Right-wing nationalist regimes have fared worse. Brazil’s Jair Bolsonaro has attempted to deny the existence and seriousness of the pandemic with devastating consequences for those he hopes to crush, and his growing isolation from the elites. In India, Narendra Modi has used the crisis to consolidate his Messiah-like image in the public sphere, and there is much that suggests that this has at least been partly successful. In Russia, similarly, it is unlikely that the pandemic will destabilize Vladimir Putin’s rule in any substantial way.
Secondly, how does the pandemic affect the dominated classes? It does, of course, have a devastating impact on livelihoods. In fact, in all of the BRICS countries the working poor, precarious and informal workers and unemployed have to bear the brunt of both the pandemic itself, and economic devastation. However, the question is also whether or to what extent these scenarios lead to relief measures and expanding welfare initiatives from above, or whether the crisis is characterised by brutal indifference to the suffering of the poor.
South Africa’s response was to allocate resources for grants and food parcels for the poor and retrenched workers, but state institutions broken by 10 years of corruption failed to deliver. The Modi regime in India has systematically disregarded the needs of the country’s most vulnerable citizens. The result has been nothing short of a humanitarian crisis. In Brazil, public pressure forced Bolsonaro to order financial relief for the poor, but his brutal indifference to the pandemic is devastating poor communities. In Russia, many vulnerable groups are falling through the cracks of a limited welfare system, and voluntary efforts are unlikely to remedy these shortcomings. In China, the regime’s systematic response appears to have protected its citizens, but the comprehensive control over information means it is difficult to tell the situation on the ground, and particularly in the repressed populations of Tibet and Xinjiang.
This takes us to our third dimension: what is the popular response to this crisis and the politics of the regime? Do old and new movements and popular initiatives respond in innovative ways to the crisis? Do they focus on mobilising relief for the poor and marginalised communities? Do they attempt to work with the regime or challenge its responses? To what extent do new demands emerge from below in response to popular desperation?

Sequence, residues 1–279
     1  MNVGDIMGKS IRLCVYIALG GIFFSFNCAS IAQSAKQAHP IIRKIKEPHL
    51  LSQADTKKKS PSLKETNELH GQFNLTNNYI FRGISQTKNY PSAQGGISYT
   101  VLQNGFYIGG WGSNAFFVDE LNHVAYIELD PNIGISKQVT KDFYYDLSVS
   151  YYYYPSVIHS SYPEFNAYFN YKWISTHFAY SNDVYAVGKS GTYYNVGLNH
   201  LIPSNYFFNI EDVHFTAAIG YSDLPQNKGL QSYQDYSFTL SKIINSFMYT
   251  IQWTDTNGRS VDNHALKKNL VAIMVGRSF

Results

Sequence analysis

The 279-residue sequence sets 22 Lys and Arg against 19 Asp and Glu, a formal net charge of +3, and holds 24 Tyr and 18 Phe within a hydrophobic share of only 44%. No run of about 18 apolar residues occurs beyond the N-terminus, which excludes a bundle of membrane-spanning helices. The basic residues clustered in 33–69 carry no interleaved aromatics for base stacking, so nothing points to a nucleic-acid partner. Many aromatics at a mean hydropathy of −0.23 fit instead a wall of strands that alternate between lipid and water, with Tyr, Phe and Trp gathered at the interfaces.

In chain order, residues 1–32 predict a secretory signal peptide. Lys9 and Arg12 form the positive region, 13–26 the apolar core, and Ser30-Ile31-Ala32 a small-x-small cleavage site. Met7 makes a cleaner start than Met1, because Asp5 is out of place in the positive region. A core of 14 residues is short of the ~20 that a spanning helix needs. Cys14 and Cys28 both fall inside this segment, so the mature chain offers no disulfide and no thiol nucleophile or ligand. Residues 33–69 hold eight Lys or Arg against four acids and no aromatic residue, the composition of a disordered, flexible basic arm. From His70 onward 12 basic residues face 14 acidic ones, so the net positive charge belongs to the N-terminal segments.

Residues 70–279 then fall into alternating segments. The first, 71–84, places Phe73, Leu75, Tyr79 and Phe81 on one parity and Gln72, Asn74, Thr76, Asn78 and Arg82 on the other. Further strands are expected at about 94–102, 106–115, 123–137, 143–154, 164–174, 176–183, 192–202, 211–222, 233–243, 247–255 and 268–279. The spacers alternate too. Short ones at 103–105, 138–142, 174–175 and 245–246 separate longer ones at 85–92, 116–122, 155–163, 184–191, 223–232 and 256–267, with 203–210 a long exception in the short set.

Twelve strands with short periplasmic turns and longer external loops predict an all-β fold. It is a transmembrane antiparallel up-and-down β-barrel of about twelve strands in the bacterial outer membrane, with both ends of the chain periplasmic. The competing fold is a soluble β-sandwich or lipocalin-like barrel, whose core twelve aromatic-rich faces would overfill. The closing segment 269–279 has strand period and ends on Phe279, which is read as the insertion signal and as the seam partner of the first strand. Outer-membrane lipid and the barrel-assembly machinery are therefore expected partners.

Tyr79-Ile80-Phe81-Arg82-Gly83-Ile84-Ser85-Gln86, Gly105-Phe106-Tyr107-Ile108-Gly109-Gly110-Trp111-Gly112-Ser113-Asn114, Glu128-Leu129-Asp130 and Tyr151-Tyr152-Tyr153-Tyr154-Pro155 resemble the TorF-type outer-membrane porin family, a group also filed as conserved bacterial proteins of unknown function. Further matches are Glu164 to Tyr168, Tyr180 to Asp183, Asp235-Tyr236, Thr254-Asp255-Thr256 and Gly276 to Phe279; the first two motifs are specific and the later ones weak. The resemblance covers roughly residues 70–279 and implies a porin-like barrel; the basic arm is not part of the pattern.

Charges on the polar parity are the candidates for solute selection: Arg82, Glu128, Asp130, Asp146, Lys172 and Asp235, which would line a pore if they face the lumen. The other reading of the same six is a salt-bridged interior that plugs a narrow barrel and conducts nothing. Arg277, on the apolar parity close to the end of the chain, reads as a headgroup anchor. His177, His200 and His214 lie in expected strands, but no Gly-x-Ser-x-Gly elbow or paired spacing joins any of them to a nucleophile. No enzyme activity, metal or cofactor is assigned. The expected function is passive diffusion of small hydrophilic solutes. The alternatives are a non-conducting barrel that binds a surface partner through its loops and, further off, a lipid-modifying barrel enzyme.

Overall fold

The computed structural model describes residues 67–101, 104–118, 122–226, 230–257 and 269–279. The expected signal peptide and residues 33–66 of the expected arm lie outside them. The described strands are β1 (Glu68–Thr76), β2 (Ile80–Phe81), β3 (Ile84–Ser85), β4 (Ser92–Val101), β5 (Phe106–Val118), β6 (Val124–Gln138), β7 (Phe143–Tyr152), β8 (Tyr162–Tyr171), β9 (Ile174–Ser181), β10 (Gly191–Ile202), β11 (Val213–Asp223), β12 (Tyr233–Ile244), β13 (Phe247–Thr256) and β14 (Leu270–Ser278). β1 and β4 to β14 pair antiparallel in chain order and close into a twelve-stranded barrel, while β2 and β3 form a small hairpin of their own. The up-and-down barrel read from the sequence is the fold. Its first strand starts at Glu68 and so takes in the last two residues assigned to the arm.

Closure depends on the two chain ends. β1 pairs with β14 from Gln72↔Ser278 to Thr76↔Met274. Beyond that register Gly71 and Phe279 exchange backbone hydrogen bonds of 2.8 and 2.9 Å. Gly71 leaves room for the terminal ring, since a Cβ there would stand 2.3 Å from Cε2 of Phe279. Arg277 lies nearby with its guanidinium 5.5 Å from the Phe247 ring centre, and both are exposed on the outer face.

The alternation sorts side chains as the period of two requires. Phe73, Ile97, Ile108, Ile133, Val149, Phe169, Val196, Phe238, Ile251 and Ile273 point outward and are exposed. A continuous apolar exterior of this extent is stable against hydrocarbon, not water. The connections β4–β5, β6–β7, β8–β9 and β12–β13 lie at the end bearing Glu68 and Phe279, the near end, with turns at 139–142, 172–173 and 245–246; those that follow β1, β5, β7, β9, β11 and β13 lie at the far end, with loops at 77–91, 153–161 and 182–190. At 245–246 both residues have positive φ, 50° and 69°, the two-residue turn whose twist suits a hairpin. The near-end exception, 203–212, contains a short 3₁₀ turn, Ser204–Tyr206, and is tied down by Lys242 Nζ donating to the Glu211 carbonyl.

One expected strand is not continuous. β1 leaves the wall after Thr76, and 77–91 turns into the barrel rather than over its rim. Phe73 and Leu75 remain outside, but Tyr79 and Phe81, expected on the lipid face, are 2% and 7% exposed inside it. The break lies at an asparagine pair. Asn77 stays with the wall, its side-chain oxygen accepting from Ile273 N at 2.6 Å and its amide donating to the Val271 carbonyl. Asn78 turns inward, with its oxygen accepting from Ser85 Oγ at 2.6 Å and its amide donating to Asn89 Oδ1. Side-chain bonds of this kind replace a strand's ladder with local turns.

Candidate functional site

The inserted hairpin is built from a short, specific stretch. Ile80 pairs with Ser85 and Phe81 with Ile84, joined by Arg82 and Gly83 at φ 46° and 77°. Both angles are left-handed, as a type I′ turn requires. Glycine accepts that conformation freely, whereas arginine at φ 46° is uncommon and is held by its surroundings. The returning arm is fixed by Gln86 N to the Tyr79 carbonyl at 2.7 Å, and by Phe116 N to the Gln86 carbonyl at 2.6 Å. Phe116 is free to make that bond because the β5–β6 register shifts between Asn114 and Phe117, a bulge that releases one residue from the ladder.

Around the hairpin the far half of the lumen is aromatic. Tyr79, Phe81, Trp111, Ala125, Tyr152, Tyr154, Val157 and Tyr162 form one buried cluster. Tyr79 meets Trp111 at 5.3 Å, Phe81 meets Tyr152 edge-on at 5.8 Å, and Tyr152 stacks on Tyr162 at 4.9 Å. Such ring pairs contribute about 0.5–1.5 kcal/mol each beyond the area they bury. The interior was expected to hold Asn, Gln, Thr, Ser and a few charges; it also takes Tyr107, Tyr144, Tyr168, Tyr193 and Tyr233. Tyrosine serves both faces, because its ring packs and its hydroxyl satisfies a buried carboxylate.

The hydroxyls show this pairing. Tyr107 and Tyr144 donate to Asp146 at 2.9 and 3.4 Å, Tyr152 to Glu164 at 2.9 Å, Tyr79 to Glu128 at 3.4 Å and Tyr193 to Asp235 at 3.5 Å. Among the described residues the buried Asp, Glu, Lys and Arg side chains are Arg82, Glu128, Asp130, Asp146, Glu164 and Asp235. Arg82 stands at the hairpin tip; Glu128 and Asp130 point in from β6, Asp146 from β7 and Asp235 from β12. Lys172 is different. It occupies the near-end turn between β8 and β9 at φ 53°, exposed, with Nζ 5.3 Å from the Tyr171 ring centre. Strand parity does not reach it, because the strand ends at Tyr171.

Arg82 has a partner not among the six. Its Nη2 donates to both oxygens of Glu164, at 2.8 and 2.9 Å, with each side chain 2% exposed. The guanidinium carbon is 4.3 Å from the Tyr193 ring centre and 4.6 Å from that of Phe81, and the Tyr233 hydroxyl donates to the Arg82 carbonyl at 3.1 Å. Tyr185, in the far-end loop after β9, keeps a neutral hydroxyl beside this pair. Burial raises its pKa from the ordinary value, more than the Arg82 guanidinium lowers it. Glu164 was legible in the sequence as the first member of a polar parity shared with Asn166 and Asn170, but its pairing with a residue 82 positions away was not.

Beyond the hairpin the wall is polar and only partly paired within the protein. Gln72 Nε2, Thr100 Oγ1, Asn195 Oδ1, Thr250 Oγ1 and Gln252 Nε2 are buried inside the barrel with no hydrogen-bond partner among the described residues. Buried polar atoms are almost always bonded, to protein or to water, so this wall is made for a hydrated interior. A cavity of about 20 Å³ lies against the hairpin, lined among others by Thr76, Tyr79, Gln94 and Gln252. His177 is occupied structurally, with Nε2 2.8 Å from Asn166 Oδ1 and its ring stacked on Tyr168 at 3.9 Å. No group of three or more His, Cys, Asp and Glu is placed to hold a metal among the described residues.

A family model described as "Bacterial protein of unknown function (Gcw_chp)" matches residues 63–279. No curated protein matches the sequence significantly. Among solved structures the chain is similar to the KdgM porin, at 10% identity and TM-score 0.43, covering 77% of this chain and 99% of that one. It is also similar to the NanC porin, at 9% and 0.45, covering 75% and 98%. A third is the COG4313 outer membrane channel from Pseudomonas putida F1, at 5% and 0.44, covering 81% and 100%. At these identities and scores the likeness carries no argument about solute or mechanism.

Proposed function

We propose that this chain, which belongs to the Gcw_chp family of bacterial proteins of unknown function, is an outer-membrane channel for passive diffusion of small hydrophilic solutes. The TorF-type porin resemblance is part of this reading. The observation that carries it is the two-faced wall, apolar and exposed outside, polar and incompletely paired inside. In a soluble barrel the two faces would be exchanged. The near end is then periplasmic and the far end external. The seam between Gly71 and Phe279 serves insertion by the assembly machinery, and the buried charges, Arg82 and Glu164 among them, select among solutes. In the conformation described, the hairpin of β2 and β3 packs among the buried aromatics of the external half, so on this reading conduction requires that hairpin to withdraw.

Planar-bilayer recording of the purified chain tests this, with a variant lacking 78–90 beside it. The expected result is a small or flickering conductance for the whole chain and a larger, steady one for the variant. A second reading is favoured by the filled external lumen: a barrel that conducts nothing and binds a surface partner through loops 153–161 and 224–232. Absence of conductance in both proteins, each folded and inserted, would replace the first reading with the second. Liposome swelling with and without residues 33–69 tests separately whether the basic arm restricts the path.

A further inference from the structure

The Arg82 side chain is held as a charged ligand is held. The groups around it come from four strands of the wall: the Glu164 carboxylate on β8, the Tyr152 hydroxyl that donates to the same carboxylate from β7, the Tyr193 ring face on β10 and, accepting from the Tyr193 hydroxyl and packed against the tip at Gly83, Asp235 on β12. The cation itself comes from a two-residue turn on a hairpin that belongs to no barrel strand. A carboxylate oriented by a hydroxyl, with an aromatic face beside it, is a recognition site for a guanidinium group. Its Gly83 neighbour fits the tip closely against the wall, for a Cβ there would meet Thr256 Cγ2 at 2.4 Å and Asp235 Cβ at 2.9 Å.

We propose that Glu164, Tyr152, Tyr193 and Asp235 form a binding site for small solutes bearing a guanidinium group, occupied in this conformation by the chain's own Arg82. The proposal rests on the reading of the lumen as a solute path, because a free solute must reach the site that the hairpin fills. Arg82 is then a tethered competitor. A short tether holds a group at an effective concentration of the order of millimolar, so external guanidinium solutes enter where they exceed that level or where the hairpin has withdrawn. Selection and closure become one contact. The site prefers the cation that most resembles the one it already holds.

These questions are important, as inequality and precarity had already thrown up political convulsions across the BRICS countries before the COVID-19 pandemic. In the current situation, the BRICS countries exhibit a wide range of popular responses.
In India, there have been scattered protests by desperate migrant workers and extensive relief work by activist and civil society networks, but little by way of sustained organised protest, given the repressive conditions of the lockdown.
South Africa, in contrast, has seen vibrant organising and mobilising at local levels but unable to achieve the kind of national coordination activists aspire to.
In Russia, protests against the government’s handling of the pandemic have taken a variety of forms, ranging from online live-streams to mass gatherings, while Russian authorities have responded with a mix of co-optation and repression.
In Brazil, movements and activist networks have organised mutual solidarity, educating, organising food supplies, and demanding healthcare, but with no connection to or response from left-wing parties or Bolsonaro.
The Chinese government tolerated the efforts of volunteers to support health workers in China, but has tightened its repressive control of the Internet, information, and the revolt in Hong Kong, where activists and the general public provided a coordinated response to the pandemic in the face of its battered authorities’ inaction.
What the contributions in this collection of articles bring out, then, are the many ways in which the COVID-19 pandemic has deepened existing fractures and fault lines in the political economies of the rising powers in the world-system. And significantly, this complex and contradictory scenario will also be the terrain upon which social movements will organise and mobilise for years to come. Whether or not these movements will be able to chart out alternative developmental pathways that are less unequal and less precarious than those which the BRICS countries have pursued so far, of course, remains to be seen.
What is clear, however, is that this is a moment in which it is imperative to raise an array of critical questions about the nature of growth processes in the BRICS countries. This is necessary both in order to unsettle those narratives that too easily and one-sidedly see the rise of the BRICS as a progressive shift in the world-system, and – to paraphrase the British cultural theorist Raymond Williams – to make hope practical, rather than despair convincing. We hope the perspectives offered in this collection go some way towards that end.
Alf Gunvald Nilsen is professor of sociology at the University of Pretoria; Karl von Holdt is at the Society Work and Politics Institute, University of the Witwatersrand, Johannesburg.
This collection of articles comes out of a collaborative project comparing neoliberal politics and social movement responses in the BRICS countries, generously supported by the National Institute for the Humanities and the Social Sciences (NIHSS) in South Africa.